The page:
Here's How Zebra Technologies Stampeded All Over Wall Street's Q1 Estimates

Barcode technologies specialist Zebra Technologies (NASDAQ:ZBRA) reported first-quarter results last week. The company crushed analyst expectations across the board thanks to robust demand across all of its reporting segments and geographical regions. Zebra’s shares closed 11.5% higher that day.

Let’s have a closer look at Zebra’s investor-pleasing report.

Zebra Technologies’ first quarter by the numbers


Q1 2018

Q1 2017

Year-Over-Year Change

Net sales

$977 million

$865 million


Adjusted net income

$138 million

$72 million


Adjusted earnings per diluted share




Data source: Zebra Technologies.

Your average Wall Street analyst would have settled for earnings of $2.06 per share on sales near $937 million. Zebra breezed past these estimates with ease.

The larger enterprise visibility and mobility division led the way, with 15% year-over-year sales growth while operating income more than doubled. The asset intelligence and tracking group’s revenue growth stopped at 9% and its operating income rose by 24%. In geographic terms, the Europe, Middle East and Africa (EMEA) region saw sales jump 22% higher.

A worker uses a Zebra-branded barcode reader to read a barcode.

Image source: Zebra Technologies.

What’s next for Zebra Technologies?

In general, sales are surging alongside expanding profit margins.

“We saw great growth from all our different product lines and we have invested a lot in innovation and making sure we have a fresh portfolio of products and solutions that are resonating with the market,” said CEO Anders Gustafsson in a phone call with yours truly. “A particular standout was mobile computing, which was up the most, and that was driven by growth in North America, Latin America, and EMEA.”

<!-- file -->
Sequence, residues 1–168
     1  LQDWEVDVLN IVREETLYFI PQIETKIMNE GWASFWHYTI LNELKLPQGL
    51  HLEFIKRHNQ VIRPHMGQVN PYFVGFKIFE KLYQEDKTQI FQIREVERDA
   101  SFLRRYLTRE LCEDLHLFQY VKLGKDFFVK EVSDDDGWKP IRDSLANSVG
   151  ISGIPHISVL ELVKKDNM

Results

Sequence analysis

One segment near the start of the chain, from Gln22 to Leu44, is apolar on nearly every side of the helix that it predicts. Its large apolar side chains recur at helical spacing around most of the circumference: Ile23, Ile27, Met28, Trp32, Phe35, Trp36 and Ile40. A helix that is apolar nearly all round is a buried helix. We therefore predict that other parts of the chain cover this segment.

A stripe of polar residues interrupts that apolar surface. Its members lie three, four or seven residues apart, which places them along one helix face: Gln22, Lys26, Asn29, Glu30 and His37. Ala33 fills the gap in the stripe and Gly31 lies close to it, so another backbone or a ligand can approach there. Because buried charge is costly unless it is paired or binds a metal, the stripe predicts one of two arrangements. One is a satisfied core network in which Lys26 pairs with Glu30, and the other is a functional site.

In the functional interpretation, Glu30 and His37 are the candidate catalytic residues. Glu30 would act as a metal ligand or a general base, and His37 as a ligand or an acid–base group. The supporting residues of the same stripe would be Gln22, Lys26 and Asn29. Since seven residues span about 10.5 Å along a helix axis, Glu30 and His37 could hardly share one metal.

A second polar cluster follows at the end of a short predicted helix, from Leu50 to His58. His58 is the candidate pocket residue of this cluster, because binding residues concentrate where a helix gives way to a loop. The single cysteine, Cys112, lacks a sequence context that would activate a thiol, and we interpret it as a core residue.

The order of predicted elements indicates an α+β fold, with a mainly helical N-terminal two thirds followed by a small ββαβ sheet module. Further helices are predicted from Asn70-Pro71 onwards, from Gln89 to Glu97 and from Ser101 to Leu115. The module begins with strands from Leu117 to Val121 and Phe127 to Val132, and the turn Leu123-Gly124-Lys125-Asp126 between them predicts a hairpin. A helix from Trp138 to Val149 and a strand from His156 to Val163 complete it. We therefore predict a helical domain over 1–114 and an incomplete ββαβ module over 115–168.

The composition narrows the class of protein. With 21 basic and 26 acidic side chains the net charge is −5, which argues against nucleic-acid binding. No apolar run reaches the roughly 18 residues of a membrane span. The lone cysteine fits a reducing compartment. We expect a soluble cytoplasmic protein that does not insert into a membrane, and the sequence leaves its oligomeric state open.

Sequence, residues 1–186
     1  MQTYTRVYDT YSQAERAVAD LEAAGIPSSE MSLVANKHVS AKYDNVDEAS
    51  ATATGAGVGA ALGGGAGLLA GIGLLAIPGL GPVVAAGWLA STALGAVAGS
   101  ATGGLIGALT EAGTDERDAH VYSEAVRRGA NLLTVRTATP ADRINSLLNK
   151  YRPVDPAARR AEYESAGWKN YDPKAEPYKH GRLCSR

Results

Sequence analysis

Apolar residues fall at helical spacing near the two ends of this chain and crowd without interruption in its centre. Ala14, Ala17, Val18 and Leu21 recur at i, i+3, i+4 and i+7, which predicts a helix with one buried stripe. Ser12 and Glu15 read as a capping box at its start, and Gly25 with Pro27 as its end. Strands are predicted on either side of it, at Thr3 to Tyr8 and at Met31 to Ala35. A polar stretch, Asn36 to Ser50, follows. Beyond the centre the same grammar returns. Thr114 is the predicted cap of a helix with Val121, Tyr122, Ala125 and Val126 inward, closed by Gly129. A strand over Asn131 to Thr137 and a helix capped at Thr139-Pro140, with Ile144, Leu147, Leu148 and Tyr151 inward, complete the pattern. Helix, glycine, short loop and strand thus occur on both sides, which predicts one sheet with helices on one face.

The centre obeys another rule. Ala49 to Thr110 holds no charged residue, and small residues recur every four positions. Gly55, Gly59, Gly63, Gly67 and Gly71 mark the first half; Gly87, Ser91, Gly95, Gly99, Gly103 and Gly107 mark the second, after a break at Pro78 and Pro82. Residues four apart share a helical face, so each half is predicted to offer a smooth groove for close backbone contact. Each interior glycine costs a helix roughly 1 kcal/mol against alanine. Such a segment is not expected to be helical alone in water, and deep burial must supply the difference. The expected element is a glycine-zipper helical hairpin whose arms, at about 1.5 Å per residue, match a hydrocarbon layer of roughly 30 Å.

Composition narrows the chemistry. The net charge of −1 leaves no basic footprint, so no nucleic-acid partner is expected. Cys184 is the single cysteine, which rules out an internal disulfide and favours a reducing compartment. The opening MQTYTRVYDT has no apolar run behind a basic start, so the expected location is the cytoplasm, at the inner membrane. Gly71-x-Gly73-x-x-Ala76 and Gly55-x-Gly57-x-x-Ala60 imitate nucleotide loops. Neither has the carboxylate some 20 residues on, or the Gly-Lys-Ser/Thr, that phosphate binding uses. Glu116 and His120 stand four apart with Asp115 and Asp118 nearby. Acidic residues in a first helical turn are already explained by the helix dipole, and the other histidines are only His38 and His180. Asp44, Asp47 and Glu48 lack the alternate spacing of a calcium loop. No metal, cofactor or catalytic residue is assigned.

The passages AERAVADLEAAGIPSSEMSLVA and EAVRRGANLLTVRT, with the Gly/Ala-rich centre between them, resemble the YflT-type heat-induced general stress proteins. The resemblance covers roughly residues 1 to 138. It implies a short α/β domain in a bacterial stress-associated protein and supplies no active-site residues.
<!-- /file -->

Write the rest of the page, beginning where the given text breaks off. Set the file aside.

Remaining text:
Digging a little deeper, many older bar code readers are being replaced with newer and better models. Mobile devices that used to run a lightweight version of Microsoft Windows are now seen as legacy models, and Zebra’s newer hardware typically runs Android instead. Looking ahead to 2021, wireless network providers are already retiring their old 2G and 3G systems in favor of faster 4G and the upcoming 5G standard. When the aging networks go dark, many legacy devices will be left unconnected to their central data collection and processing systems, paving the way toward a huge wave of expected device upgrades in the next few years.

“If the market doesn’t like this quarter, I don’t know what we can do to make them happy,” Gustafsson told me.

Sounds about right. This company is going places.